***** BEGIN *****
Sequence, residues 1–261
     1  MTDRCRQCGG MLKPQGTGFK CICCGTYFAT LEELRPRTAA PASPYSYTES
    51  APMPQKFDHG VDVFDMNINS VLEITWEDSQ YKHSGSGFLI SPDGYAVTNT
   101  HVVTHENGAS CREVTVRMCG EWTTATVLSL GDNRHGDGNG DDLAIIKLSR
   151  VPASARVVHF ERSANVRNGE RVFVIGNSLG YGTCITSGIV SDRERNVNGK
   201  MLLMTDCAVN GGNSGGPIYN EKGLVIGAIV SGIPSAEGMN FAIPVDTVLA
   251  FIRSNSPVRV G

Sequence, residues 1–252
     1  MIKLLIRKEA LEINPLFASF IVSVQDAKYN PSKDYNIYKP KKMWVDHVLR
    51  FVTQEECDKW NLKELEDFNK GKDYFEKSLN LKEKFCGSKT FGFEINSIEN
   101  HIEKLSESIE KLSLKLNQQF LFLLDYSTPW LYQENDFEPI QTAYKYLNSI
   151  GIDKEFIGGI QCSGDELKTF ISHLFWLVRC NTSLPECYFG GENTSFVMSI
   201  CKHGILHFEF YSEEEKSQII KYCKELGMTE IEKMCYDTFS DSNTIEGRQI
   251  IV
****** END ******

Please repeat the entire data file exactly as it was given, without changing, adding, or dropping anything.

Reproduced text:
Sequence, residues 1–261
     1  MTDRCRQCGG MLKPQGTGFK CICCGTYFAT LEELRPRTAA PASPYSYTES
    51  APMPQKFDHG VDVFDMNINS VLEITWEDSQ YKHSGSGFLI SPDGYAVTNT
   101  HVVTHENGAS CREVTVRMCG EWTTATVLSL GDNRHGDGNG DDLAIIKLSR
   151  VPASARVVHF ERSANVRNGE RVFVIGNSLG YGTCITSGIV SDRERNVNGK
   201  MLLMTDCAVN GGNSGGPIYN EKGLVIGAIV SGIPSAEGMN FAIPVDTVLA
   251  FIRSNSPVRV G

Sequence, residues 1–252
     1  MIKLLIRKEA LEINPLFASF IVSVQDAKYN PSKDYNIYKP KKMWVDHVLR
    51  FVTQEECDKW NLKELEDFNK GKDYFEKSLN LKEKFCGSKT FGFEINSIEN
   101  HIEKLSESIE KLSLKLNQQF LFLLDYSTPW LYQENDFEPI QTAYKYLNSI
   151  GIDKEFIGGI QCSGDELKTF ISHLFWLVRC NTSLPECYFG GENTSFVMSI
   201  CKHGILHFEF YSEEEKSQII KYCKELGMTE IEKMCYDTFS DSNTIEGRQI
   251  IV